Two prominent psychology journals are changing their standards for publication in order to address several long-standing debates in statistics (p-values v. effect sizes and point estimates of the mean v. confidence intervals).
Here are the details for changes that the Association for Psychological Science is creating for their gold-standard publication, Psychological Science, in order to improve the transparency in data reporting.
Some of the big changes include mandatory reporting of effect sizes, confidence intervals, and inclusion of any scales or measures that were non-significant. This might be useful in class when describing why p-values and means are imperfect, the old p-value v. effect size debate, and how one can bend the truth with statistics via research methodology (and glossing over/completely neglecting N.S. findings). These examples are also useful in demonstrating to your students that these issues we discuss in class have real world ramifications and aren't being taken lightly by research scientists.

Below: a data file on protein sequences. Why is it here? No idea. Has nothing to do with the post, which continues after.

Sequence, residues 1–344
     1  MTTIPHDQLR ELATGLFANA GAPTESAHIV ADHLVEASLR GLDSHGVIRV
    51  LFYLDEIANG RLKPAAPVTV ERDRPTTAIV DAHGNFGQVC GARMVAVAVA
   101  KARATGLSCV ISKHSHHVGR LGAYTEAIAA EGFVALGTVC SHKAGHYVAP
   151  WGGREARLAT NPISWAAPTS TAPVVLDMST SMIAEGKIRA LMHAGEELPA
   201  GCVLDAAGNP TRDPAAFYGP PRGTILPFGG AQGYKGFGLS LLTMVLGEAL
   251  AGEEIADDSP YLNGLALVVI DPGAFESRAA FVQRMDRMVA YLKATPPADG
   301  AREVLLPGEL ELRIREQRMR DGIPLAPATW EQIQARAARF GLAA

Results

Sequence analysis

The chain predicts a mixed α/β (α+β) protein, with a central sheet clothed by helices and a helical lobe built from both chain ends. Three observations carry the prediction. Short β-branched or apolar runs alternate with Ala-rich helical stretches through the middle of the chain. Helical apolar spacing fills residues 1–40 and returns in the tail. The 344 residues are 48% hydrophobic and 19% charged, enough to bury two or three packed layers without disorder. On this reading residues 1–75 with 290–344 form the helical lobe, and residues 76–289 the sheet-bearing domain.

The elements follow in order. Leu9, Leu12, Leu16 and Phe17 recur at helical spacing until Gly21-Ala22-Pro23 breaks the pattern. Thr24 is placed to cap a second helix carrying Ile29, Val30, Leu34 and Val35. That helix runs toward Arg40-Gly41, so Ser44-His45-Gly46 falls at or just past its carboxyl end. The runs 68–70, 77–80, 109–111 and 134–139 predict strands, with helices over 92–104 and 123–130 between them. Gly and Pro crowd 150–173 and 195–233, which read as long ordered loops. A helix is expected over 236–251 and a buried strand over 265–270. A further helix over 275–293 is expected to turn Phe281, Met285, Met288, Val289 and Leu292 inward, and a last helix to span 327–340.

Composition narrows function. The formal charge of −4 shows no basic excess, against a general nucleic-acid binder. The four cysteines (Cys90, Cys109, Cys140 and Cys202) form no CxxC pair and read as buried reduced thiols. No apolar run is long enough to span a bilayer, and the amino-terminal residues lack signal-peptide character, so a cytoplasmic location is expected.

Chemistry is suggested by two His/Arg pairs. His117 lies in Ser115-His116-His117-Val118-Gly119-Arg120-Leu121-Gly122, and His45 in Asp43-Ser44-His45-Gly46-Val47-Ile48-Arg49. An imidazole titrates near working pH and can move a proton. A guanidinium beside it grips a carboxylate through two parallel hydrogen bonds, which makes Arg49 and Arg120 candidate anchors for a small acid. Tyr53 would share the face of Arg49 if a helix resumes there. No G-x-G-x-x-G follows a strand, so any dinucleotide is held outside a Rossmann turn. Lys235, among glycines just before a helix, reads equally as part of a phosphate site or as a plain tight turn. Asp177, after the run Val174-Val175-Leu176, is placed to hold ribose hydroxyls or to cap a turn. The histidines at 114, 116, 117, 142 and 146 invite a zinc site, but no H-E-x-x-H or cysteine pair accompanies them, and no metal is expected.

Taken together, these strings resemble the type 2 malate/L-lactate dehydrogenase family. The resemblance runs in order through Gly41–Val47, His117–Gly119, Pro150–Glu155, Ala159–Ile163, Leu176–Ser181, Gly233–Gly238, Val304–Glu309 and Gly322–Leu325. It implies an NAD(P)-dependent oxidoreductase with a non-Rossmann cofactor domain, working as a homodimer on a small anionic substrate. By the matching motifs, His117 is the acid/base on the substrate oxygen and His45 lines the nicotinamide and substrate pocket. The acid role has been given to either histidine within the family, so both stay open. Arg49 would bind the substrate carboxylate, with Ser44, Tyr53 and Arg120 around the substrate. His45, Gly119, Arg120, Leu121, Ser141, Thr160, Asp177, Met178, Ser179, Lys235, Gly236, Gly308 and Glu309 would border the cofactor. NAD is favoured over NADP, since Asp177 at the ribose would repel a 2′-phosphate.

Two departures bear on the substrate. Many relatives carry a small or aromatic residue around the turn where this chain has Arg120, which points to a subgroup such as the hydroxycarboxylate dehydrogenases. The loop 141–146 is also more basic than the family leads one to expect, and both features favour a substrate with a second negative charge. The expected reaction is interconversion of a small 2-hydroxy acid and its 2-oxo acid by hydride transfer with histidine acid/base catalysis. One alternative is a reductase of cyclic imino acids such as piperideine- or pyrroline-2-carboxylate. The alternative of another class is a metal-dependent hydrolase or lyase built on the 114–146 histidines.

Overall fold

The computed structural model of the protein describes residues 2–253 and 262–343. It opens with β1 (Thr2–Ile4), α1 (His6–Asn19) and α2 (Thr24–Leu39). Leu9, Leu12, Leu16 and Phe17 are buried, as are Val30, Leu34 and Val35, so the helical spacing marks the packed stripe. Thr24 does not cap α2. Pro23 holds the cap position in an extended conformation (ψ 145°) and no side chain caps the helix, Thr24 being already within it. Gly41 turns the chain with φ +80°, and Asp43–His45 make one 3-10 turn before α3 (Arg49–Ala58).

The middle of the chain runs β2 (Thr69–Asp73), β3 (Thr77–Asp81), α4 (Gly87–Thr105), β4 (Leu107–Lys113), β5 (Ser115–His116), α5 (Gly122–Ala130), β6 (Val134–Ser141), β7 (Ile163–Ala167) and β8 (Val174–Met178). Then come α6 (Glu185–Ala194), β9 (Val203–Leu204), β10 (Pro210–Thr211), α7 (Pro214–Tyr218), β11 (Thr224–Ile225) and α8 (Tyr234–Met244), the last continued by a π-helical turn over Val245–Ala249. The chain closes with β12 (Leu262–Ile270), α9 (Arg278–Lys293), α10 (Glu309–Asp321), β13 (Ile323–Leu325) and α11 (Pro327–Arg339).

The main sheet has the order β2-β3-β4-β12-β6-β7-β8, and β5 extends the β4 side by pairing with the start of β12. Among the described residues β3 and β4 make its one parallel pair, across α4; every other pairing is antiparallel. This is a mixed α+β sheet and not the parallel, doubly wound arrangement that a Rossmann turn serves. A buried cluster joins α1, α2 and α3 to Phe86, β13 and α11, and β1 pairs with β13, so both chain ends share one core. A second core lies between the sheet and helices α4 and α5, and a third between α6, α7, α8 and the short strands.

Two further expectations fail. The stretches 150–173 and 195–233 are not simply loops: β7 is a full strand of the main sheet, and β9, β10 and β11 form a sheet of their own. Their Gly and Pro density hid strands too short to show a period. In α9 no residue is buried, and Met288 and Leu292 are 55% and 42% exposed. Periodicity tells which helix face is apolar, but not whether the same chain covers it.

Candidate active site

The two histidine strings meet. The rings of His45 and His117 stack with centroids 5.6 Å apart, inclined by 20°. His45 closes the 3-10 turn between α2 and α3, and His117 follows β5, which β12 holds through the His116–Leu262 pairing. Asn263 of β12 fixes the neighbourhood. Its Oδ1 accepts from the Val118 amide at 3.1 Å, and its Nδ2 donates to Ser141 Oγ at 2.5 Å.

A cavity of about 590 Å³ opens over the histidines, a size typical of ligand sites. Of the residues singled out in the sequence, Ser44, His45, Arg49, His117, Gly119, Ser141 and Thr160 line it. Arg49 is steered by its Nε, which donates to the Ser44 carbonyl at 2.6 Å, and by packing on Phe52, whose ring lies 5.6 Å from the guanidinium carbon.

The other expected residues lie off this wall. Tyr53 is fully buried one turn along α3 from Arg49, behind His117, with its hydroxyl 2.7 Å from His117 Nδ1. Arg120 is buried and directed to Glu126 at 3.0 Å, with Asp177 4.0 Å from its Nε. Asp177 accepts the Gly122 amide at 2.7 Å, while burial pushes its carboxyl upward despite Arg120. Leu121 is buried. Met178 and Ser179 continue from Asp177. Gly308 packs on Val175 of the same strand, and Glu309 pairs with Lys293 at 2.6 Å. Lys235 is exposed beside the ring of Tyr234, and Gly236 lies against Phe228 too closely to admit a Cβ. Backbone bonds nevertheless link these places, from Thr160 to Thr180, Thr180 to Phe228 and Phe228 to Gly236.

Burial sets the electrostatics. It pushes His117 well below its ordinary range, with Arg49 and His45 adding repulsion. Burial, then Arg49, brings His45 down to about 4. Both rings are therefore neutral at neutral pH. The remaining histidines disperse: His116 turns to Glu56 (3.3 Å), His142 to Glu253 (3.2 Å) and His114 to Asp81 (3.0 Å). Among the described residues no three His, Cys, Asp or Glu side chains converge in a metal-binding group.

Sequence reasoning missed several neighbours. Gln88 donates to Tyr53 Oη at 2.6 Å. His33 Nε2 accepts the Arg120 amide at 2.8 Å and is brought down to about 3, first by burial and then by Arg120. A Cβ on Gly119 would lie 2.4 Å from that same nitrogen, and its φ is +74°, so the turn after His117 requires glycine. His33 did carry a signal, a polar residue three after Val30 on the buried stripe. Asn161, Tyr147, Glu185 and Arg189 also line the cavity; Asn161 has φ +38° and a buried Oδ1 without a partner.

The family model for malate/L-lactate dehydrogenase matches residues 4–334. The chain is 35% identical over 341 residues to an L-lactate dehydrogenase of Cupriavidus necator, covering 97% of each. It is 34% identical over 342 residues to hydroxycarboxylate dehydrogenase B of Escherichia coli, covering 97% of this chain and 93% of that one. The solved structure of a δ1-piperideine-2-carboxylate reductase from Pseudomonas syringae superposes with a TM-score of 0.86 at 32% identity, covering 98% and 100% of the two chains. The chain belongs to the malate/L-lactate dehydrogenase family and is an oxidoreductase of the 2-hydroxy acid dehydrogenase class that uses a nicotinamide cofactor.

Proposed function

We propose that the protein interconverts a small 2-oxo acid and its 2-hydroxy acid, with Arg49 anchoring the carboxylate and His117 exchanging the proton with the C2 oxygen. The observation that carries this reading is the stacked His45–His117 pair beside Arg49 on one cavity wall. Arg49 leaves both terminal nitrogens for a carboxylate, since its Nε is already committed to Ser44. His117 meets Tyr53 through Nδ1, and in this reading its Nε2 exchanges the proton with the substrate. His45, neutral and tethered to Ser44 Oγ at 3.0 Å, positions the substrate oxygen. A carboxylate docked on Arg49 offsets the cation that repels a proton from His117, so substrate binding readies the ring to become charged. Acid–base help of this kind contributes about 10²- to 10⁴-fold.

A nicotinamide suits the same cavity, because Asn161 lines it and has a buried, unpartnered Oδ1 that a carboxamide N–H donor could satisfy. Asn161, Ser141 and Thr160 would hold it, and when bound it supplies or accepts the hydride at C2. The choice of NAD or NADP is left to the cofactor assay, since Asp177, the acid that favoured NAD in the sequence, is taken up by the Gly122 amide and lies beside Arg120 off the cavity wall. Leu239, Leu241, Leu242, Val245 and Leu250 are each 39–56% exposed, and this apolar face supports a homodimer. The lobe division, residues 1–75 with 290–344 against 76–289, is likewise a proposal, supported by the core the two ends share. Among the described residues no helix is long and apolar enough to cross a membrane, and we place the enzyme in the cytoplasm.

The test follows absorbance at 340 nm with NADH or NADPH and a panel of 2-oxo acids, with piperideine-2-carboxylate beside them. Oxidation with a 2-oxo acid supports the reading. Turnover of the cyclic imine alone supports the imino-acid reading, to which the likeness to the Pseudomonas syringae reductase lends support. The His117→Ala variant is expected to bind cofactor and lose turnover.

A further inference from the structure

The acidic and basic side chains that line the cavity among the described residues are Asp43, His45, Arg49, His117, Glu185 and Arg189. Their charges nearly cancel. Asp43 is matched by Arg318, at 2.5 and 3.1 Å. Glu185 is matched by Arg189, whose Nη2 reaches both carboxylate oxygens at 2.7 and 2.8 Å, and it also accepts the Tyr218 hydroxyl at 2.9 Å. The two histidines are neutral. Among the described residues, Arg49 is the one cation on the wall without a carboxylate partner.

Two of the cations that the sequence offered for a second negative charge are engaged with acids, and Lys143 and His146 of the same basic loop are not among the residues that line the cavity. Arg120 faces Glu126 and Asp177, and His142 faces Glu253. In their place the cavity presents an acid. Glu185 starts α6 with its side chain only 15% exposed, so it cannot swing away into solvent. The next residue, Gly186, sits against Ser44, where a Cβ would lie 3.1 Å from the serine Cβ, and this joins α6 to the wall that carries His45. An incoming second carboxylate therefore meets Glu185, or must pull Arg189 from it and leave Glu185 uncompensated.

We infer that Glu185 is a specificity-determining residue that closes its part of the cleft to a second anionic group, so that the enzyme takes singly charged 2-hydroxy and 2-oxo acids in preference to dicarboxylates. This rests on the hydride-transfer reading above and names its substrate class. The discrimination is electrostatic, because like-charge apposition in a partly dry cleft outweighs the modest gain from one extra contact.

Additionally, the Society of Personality and Social Psychology is implementing similar changes in the Personality and Social Psychology Bulletin, as described here. SPSP is even going a step further and demanding open sharing of any data being considered for publication, as described here, and also asking authors to address issues of sample size/power.